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Discussion Starter #1
Hi all,

we have a little Persian kitten who is now 5 months old. Hes seen a number of vets just for regular check ups and shots.
We've been told that he has a murmur, but at times it disappears. The vet said it seems to be there only when he is excited.

Today, he had the murmur and the vet heart it... However, 5mins later, it was gone, and he could no longer hear it.
He suggested we check again in 3-4 weeks, and maybe have an ECG or ultrasound done.

Anyone have any experience with heart murmurs in cats? From some quick research, it appears that it may not be a major problem since it comes and goes. However, he certainly does have one when he is excited.

At the moment, hes showing no symptoms at all.
Will it have any effect on his life expectancy? Both parents are in good health.

We are really stumped as to why it can be heard sometimes and not others?

Any ideas?
 

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Persians are prone to some heart problems. I know my exotic shorthair kittens were sounded twice before I was allowed to buy them to check for heart murmurs.

This is all I could find relating to murmurs:

Restrictive Cardiomyopathy (RCM),
Restrictive cardiomyopathy is a heart condition in Persian cats that causes the muscles to become stiff. Once the heart loses its elasticity, it is more difficult for the blood to be pumped to the body. This is commonly caused by scar tissue and heart muscle inflammation. In many cases, a murmur can be heard when the cat is examined.


I am not sure if this would be present in such a young kitten though, I am by no means an expert. In terms of life expectancy it depends on the grade of the murmur, and I would imagine your check up in a month will be able to help a lot more.
 

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A good person to PM about this problem is Kobster. Her kitty ninja has a heart defect. She has posted lots of info on how cats hearts work.
 

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Hi, it is actually quite common to have "Come and go" murmurs. My dog has one and has had it her whole life. Basically it means your kitty has a heart valve that doesn't work 100% all the time. The valves are like gates between the chambers of the heart that open and close as the heart pumps. One of your cats gates doesn't always close all the way meaning blood is leaking around it when the adjacent chamber contracts (causing a whooshing noise, this is what your vet is listening for) Because your cat has had one since he was a kitten, its likely a birth defect rather than an acquired disease.

As for how this will effect your cat long term, its hard to say. Some pets will be born with mild (grade I) murmurs and it will never cause them a moments trouble their whole lives. Others will do fine for years then suddenly they will decompensate, meaning the valve will totally fail leading to heart failure. How this will effect your cat depends on exactly what kind of murmur your kitty has. The only way to determine this is with a cadiac echo (ultrasound). This is an expensive test that I'm not sure I would do on a cat where you can't hear the murmur consistently (because you may not be able to see anything and it will all be for nothing) If it were me, I would wait until (if) it starts to be consistently heard or gets worse.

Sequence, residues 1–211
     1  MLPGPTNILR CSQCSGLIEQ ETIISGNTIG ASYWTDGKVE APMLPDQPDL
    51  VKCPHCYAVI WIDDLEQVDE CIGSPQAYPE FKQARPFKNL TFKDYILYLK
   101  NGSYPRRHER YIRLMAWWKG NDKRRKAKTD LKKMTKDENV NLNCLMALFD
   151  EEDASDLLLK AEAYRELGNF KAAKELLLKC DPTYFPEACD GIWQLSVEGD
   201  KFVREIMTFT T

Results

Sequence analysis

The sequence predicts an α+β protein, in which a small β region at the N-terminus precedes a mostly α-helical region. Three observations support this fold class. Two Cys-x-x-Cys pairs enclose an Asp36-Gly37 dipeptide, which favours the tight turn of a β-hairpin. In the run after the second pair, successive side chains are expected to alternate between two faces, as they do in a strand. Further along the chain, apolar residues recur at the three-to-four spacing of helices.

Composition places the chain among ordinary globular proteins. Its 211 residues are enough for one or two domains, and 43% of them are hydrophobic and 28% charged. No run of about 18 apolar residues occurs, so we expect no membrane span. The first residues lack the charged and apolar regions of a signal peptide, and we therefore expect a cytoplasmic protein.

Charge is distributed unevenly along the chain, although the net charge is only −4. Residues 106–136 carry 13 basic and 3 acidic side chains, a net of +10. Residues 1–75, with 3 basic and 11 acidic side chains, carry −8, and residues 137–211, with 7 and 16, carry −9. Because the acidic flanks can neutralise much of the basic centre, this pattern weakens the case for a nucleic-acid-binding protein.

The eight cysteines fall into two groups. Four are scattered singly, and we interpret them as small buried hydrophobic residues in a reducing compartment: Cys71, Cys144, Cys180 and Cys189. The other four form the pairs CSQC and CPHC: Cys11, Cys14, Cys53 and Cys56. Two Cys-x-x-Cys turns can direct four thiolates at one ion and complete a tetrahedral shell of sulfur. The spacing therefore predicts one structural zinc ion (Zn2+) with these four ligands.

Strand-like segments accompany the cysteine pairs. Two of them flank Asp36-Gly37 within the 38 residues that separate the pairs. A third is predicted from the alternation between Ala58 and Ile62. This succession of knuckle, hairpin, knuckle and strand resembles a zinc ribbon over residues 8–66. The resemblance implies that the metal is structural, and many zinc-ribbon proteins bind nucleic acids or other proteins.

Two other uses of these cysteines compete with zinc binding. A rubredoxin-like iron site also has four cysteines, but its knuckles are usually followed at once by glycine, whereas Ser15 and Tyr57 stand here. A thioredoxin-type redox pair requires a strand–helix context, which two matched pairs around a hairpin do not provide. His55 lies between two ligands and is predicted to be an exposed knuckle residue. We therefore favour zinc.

I hope this helps. I will try to find some visual for you.

Also, my dog was diagnosed with the murmur when I got her and she is now 12 years old and it remains completely unchanged, sometimes you hear it, sometimes you don't.
 

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Thank you Kobster...

I am a bit worried because apparently when you can hear it, its pretty obvious. One vet said its "pretty significant"... but at other times, they cant seem to hear it at all. Pretty weird no? It appears to be environment based...

Im hoping its a "physiological murmur' as described here:
Cats: cat heart murmur, echo cardiogram, heart specialist

Opinions?
 

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When I bought my Devon Rex girl I knew she had a grade 1 heart murmur. I wasn't particularly concerned, as I know it isn't always a problem. Had a friend who's cat had a grade 5 murmur and vet said it wouldn't live over a year, and it lived just over 15 years. My girl's murmur was up to grade 2 when she was 3 yrs., and recently had dental cleaning done, and it was still grade 2. Interesting thing tho under anesthetic the vet could hear no murmur at all, so said it was "transient", one of those sometime things. It's important to have any dental cleaning done, as any gingivitis or periodontal disease can affect the valves of the heart. Our girl's never shown any sign of a heart problem. She's 6 yrs. old now and very active, runs around, never pants. If after exertion, your kitty pants it's likely the sign of something more serious. Most cats that have a heart problem tend to self-limit their activity. All the best to you and your kitty.
 
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